They had changed the experience of going to the dentist from one of annoyance and discomfort (and sometimes even fear) into something pleasant and comfortable. By paying attention to the experience they were able to overcome my expectations and even surprise and delight me.
My answer to the question about what is the future of libraries was that similar to my new dentist’s office libraries evolve and adapt and improve. The best libraries are the ones that are most aware of and responsive to their community and it’s needs. Those are the libraries are doing amazingthings. Libraries will not be the same in 10 or 20 years. If they didn’t change and weren’t responsive they wouldn’t last long.
Dentists are not going to run out of business anytime soon as they are in the mouth business and there are no lack of mouths. They do need to grow, improve, and make use of the latest technology though, to stay competitive. Libraries on the other hand are in the curiosity business. I don’t see human curiosity and desire to learn going away anytime soon. The way people learn is changing, but by paying attention to the experience of users and being responsive to their needs, libraries will be around for a long time.
“All we are is the result of what we have thought. The mind is everything. What we think we become.” -Buddha
“A vivid imagination compels the whole body to obey it.” -Aristotle
I just began a 6 week online workshop on Appreciative Inquiry conducted by David Cooperrider at Case Western University’s Weatherhead School of Management. Appreciative Inquiry (AI) is an organizational development model and a way of implementing change that focuses not on the problems or deficits of a group or organization, but instead focuses on the positive and increasing what they do well. I recognized right away that this workshop was going to be exploring a lot of questions that I have recently been dealing with, especially the importance of questions in the change process.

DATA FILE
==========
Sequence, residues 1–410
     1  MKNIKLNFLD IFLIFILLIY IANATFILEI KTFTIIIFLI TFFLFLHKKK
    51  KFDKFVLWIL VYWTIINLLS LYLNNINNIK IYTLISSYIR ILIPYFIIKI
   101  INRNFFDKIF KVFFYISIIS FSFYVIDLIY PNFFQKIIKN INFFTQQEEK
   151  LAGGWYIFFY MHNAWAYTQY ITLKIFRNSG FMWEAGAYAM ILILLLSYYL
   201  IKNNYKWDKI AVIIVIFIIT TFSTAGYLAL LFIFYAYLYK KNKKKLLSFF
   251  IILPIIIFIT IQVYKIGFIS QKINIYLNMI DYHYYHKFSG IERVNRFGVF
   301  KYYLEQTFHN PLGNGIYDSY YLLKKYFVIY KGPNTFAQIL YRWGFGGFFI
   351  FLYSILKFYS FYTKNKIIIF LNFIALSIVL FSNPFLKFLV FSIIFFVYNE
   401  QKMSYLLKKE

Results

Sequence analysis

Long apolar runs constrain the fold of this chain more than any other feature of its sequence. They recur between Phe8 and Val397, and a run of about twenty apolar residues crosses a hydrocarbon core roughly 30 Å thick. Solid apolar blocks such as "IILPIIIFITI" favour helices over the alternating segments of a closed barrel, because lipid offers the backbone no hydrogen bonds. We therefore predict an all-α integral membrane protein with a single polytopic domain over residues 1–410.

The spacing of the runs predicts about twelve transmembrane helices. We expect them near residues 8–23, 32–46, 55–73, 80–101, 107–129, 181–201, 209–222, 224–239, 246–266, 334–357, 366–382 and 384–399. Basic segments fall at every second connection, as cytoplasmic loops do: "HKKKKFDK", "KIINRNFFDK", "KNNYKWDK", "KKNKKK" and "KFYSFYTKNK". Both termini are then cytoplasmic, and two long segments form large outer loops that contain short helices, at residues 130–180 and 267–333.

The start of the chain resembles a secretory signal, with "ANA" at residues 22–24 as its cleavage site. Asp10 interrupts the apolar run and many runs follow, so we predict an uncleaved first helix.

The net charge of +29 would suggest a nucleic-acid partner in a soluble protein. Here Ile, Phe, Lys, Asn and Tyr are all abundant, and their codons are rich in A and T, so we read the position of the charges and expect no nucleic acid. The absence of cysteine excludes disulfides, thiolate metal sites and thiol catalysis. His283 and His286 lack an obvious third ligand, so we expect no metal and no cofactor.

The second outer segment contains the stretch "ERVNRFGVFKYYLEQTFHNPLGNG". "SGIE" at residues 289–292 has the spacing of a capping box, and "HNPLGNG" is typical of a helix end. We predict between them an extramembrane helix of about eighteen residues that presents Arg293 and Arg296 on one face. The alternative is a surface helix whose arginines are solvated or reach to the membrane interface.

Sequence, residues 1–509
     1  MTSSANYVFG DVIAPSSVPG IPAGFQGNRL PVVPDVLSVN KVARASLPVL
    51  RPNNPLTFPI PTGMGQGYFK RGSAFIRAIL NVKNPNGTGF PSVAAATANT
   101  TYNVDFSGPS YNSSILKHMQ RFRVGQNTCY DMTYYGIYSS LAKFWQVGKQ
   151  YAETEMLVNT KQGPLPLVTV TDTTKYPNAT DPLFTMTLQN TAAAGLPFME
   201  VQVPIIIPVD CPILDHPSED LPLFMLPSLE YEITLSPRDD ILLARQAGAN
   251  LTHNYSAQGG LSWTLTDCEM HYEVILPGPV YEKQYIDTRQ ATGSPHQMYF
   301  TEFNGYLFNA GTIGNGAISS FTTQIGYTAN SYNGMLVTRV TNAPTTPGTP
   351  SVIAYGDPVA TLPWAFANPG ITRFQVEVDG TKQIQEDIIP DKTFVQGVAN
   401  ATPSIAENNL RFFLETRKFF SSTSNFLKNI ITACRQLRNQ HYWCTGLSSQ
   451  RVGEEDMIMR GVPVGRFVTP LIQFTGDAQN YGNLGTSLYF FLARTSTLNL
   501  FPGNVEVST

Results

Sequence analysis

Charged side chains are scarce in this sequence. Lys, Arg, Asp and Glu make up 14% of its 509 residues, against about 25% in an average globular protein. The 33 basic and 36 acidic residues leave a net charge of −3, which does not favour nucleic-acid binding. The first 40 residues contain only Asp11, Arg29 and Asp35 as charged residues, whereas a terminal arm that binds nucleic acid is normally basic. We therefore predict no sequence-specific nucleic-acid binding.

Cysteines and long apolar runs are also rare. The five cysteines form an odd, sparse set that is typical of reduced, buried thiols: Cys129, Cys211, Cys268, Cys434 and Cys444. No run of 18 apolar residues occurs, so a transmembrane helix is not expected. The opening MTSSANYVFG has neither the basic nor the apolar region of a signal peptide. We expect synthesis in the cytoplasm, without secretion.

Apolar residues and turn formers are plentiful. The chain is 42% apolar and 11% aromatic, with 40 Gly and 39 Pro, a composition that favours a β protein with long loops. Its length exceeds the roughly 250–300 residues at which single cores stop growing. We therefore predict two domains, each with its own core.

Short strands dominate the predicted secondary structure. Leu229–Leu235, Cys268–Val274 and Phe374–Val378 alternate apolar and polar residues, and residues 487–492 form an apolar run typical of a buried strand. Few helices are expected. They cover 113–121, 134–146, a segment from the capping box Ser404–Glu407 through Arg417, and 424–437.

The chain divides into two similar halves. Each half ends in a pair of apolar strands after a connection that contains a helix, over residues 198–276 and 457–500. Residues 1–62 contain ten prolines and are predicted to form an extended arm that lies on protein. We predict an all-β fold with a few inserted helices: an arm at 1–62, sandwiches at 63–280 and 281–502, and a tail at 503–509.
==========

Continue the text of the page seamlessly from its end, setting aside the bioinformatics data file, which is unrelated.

One of the interesting elements of AI is called the Anticipatory Principle. This principle states that our current actions and behaviors are guided and deeply influenced by our images of the future. An example of this is Pygmalion Effect in pedagogy. Research shows that students will perform better if their teacher has higher expectations of them. The same is true with organizations or institutions. And of course examples like the Pygmalion Effect or the Placebo Effect are instances of self-fulfilling prophecies. If we have a positive vision of the future we will create that future. If we have a negative vision of the future, that is what we will get.
Then I come across sentiments like this:
“No profession, other than maybe journalism, is more fixated on their own death than librarianship.” -@adr#ltc2012
It’s easy to focus on problems, a future of obsolescence, budget cuts, or change resistant colleagues. But there is a problem with that. If we focus on obsolescence or resistance to change, that is what we’ll get. Focusing only on fixing what’s wrong with libraries is a waste of energy. There will always be more problems. Instead we should be focusing on the strengths of libraries, capitalizing on them and innovating in those areas.
How can we shift our professional discourse away from all the problems facing libraries and instead think about questions like “what do libraries look like when they are at their best” and “what would an ideal library look like?”